Queer culture is finally getting its well-deserved and long-awaited spot in the media these days. Queers have been part of our communities for as long as we can remember but sadly their representation on prominent fronts, including Queer Films, has suffered due to socio-political controversies. This is also primarily why queer cinema has remained in the shadows all these years.
If you dig up the classic history of queer cinema, you’ll realize that it’s not the production machines that had failed the community. It’s the lack of viewership that has not offered these queer films the applause they deserved.
Better late than never: this blog will talk about some exceptional works of cinema, focusing on queer stories that had escaped our notice until now.
Cheers to the Queer Films!
Un Chant D’Amour (1950)
A classic short piece of voyeuristic cinema, this film captures the very essence of fetish, desire and human nature.
This film was written by Jean Genet and released in 1950. Shot inside a French prison, this film pans over a graphic representation of man’s urge to seek fulfillment for lustful pleasures through sight.
It features a prison guard who gratifies his voyeuristic pleasures by enjoying scenes of prisoners self-pleasuring themselves in the confines of the jail. While the warden develops feelings for one prisoner, he’s already involved with another.
This film beautifully captures the crudity of unrequited attraction and how that can potentially defeat the most powerful among us as well!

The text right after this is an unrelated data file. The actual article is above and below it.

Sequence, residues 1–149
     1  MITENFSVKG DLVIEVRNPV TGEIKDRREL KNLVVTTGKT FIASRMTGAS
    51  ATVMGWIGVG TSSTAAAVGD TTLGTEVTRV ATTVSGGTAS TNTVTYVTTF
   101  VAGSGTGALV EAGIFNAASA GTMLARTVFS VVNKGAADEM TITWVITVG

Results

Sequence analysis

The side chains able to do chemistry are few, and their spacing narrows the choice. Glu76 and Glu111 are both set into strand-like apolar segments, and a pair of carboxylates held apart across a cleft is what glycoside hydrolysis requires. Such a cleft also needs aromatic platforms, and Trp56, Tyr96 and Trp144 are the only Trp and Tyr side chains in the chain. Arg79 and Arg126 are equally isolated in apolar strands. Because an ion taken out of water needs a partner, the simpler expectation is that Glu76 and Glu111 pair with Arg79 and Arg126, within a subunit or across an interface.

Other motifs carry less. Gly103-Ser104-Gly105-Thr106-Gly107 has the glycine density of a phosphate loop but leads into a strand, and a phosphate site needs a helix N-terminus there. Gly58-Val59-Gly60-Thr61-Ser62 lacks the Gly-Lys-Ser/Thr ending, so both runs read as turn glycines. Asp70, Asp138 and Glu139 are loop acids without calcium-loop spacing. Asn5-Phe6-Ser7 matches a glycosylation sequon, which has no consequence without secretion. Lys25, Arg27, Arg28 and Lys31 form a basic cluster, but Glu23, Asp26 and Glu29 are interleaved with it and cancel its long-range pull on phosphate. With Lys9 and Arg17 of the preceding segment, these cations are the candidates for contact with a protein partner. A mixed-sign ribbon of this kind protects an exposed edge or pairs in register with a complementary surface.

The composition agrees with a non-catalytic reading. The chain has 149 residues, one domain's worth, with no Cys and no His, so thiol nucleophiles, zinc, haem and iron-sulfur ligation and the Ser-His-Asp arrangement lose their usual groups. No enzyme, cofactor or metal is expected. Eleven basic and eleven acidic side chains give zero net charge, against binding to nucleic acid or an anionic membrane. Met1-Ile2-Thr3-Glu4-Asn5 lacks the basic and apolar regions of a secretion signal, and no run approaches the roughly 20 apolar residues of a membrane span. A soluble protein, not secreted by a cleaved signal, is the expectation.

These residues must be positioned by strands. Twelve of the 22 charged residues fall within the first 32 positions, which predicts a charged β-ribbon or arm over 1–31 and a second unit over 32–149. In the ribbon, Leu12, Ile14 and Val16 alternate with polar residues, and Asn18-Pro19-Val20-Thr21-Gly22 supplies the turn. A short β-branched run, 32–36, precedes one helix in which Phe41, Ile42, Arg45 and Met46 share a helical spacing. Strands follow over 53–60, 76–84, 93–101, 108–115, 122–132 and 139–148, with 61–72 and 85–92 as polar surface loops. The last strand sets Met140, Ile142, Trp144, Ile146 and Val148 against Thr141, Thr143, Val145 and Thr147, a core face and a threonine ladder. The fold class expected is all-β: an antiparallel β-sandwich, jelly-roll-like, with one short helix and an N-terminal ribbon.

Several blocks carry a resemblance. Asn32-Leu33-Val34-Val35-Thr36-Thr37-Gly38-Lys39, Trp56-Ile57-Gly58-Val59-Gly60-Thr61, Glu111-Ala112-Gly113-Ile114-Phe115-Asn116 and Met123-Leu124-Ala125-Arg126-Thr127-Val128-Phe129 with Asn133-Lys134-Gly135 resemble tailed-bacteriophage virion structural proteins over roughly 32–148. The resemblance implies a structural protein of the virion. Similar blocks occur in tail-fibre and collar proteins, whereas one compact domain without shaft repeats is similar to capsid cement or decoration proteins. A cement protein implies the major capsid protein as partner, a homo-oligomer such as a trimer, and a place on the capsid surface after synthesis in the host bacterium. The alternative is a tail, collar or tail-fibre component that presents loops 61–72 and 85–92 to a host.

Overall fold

This 26-minute long film was banned for the longest time until it became known that art is best preserved without appropriation.
The Living End (1992)
This American comedy-drama is written and directed by Gregg Araki. Belonging to the genre of New Queer Cinema, this movie features homosexual romance and the threat of hateful radicals to their love.
The merit of this classic can be known by the fact that it was nominated for a Grand Jury Prize in 1992.
Centered on two gay characters who are both HIV positive, this movie is a perfect ‘casual road movie’. It touches upon atrocities that gays have to face for identifying as homosexuals and treads upon ways to seek liberation from it.
Beautiful Thing (1996)
This movie was a product of British
queer cinema and released in 1996. It’s a riveting tale of friendship, first love and freedom. It navigates alongside Jamie’s journey from a closeted gay to finding love in another. Against the backdrop of troublesome domestic conditions, the young teenager’s infatuation grows and matures into the sweetest, purest forms of love.
The film is not predominantly about the difficulties faced by homosexuals but also the challenges lined up in the way of a single parent raising them.
All in all, this film is a mesmeric encapsulation of being a person at the margins and how your journey begins from there.
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